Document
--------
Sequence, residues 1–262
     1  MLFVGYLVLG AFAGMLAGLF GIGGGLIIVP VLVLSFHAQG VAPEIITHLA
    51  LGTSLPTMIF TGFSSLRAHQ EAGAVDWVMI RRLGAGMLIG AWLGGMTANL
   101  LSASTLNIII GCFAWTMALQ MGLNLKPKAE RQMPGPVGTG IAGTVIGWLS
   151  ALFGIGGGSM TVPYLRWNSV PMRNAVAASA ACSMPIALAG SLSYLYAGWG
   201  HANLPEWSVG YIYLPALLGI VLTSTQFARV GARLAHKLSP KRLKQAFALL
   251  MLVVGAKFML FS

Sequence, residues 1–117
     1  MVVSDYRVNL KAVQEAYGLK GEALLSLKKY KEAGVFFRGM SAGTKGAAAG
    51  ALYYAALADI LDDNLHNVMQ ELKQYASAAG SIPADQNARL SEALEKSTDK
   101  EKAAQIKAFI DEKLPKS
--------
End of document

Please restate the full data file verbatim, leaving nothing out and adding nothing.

Sequence, residues 1–262
     1  MLFVGYLVLG AFAGMLAGLF GIGGGLIIVP VLVLSFHAQG VAPEIITHLA
    51  LGTSLPTMIF TGFSSLRAHQ EAGAVDWVMI RRLGAGMLIG AWLGGMTANL
   101  LSASTLNIII GCFAWTMALQ MGLNLKPKAE RQMPGPVGTG IAGTVIGWLS
   151  ALFGIGGGSM TVPYLRWNSV PMRNAVAASA ACSMPIALAG SLSYLYAGWG
   201  HANLPEWSVG YIYLPALLGI VLTSTQFARV GARLAHKLSP KRLKQAFALL
   251  MLVVGAKFML FS

Sequence, residues 1–117
     1  MVVSDYRVNL KAVQEAYGLK GEALLSLKKY KEAGVFFRGM SAGTKGAAAG
    51  ALYYAALADI LDDNLHNVMQ ELKQYASAAG SIPADQNARL SEALEKSTDK
   101  EKAAQIKAFI DEKLPKS